8. Imodium: I only needed to use it once, on Day 11.
9. Prunes: I discovered they are my friend and almost daily consumption kept me from needing to use any Dulcolax.
On Day 11, September 10, we had to miss a family wedding because of my extreme fatigue. It was later that night when the AFib started. The next evening I had to miss my Delta Kappa Gamma Chapter meeting because of the fatigue. By Day 15 I made it to my physical therapy session. On Day 16, I enjoyed a long breakfast out with a friend. On Saturday, Day 17 I was feeling strong enough to go to Monmouth for an all-day Delta Kappa Gamma State Leadership Conference. Fortunately, Melanie drove as I was tired by the end of the day. The fatigue came back.
There were two Breast Cancer Support Group sessions during this cycle, Sept. 5 (Day 6) and Sept. 19 (Day 20.) I was able to make it to both sessions, and have been paying particular attention to those who talked about radiation and those who have been taking the anti-estrogen medications, long term. I still have both of these ahead of me.
I meet with my oncologist, Dr. Acheson, on Sept. 28 to discuss the anti-estrogen meds I’ll start after radiation. On October 3 I go in to radiology for the “mapping” appointment where they set up everything so I am positioned exactly the same each time. I will start about a week later. I’m scheduled for twenty-five sessions; every weekday for five weeks. More on that after I get started.
Paul has been such a trooper, doing all the cooking, dishes, watering plants, grocery shopping, etc. and never complaining. What a love!!!
That sums up the last three weeks following my Fourth and Last chemo session. I made it through, like I knew I could. Yippee!!! No Regrets is still my motto.
Living with AFib:
As an aside, you probably noticed that I keep referring to my heart going into AFib. I was asked how I can tell? Usually, the first thing I notice is that my heart is pounding noticeably in my chest. When I sense this, I use test #2 and have my Apple Watch take my pulse, which is an app I have readily available on it. Since my normal resting rate is somewhere in the 60s or low 70s, if it is bouncing around between the 80s and 110 bpm (sometimes as high as 134), I have a pretty good idea I am in AFib. Then there is test #3. This is to use a little EKG recorder a friend told my about. It is made by Kardia and I got it on Amazon for $99. It pairs with an App by the same name that I have on my iPhone. It has two metal plates onto which I place fingers from each hand. They connect over bluetooth and it takes a 30 seconds reading. I then email the results to myself as a PDF and print it out. When I asked my cardiologist, he said that a lot of his patients have them, and he totally approved. I can show a doctor the rhythm printout taken while the event is happening. What I am realizing, however, is that my heart probably goes in and out of AFib more often than I realize, which makes my very happy that I am on Eliquis blood thinner to avoid the clots/stokes that can be generated when your heart functions irregularly. My cardiologists are just trying to get me through all this cancer stuff, then will deal with my other heart issues. I know I’m eventually looking at a pacemaker, but not now. I have two cardiologists watching over me. If you, or any of your friends or relatives have issues with AFib, check this out: ActiveCor and have them consult their cardiologist to see if it is right for them. https://www.alivecor.com.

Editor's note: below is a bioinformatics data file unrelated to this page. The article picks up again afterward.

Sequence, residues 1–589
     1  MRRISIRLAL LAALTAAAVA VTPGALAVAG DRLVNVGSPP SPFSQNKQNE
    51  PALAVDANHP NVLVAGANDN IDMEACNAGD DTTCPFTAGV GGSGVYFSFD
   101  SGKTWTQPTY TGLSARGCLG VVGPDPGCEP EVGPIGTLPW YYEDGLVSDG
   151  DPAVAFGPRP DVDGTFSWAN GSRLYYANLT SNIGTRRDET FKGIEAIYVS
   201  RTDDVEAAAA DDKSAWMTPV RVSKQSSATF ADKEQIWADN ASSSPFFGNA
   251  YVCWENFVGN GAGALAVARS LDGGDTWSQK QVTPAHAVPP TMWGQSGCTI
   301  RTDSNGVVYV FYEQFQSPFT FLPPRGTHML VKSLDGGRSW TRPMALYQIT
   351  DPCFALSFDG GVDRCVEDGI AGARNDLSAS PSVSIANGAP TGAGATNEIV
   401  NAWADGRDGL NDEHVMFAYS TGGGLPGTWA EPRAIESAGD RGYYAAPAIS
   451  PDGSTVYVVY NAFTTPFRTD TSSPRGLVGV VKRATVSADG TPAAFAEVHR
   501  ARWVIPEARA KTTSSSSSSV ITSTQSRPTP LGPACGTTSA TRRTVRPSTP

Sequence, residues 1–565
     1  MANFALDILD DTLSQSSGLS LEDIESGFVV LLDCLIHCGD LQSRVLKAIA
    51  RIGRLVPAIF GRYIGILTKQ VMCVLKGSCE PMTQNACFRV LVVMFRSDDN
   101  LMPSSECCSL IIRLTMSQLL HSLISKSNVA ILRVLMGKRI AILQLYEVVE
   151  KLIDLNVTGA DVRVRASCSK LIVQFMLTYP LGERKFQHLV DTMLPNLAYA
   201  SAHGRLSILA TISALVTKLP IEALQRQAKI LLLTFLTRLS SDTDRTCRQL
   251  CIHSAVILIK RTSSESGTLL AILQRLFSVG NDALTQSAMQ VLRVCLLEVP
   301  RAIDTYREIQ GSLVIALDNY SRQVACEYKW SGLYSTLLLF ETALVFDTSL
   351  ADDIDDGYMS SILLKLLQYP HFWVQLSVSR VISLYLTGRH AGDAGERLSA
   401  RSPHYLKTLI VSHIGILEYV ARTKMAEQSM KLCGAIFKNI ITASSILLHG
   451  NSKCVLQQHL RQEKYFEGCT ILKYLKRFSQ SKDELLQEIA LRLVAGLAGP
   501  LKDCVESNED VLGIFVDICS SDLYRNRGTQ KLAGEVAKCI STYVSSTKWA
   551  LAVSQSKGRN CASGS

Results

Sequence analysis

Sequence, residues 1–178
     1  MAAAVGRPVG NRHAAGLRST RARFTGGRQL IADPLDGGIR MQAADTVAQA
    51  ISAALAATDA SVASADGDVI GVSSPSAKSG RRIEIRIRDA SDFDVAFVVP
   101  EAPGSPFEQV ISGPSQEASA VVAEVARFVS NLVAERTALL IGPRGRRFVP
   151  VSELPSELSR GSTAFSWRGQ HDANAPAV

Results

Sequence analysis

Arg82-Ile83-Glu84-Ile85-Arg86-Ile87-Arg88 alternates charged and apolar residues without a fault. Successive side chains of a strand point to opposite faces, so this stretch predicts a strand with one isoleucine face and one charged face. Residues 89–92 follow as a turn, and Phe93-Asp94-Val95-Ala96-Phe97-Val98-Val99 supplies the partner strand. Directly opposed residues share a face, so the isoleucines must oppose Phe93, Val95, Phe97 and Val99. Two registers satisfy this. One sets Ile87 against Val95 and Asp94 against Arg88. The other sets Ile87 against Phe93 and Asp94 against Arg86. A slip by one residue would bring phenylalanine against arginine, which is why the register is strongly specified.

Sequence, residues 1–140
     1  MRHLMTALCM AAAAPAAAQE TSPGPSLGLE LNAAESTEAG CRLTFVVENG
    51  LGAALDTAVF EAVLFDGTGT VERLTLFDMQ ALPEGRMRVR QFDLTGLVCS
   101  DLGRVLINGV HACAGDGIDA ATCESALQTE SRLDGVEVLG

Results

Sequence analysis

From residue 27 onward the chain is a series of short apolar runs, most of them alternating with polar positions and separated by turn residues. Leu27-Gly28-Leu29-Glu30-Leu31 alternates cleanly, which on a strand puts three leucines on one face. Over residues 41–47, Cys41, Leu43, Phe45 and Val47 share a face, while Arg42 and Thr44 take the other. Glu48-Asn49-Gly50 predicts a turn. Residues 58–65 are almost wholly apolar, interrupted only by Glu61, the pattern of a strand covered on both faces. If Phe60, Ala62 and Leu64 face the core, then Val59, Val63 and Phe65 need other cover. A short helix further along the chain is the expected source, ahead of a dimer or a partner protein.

Grace and Paul Pitzer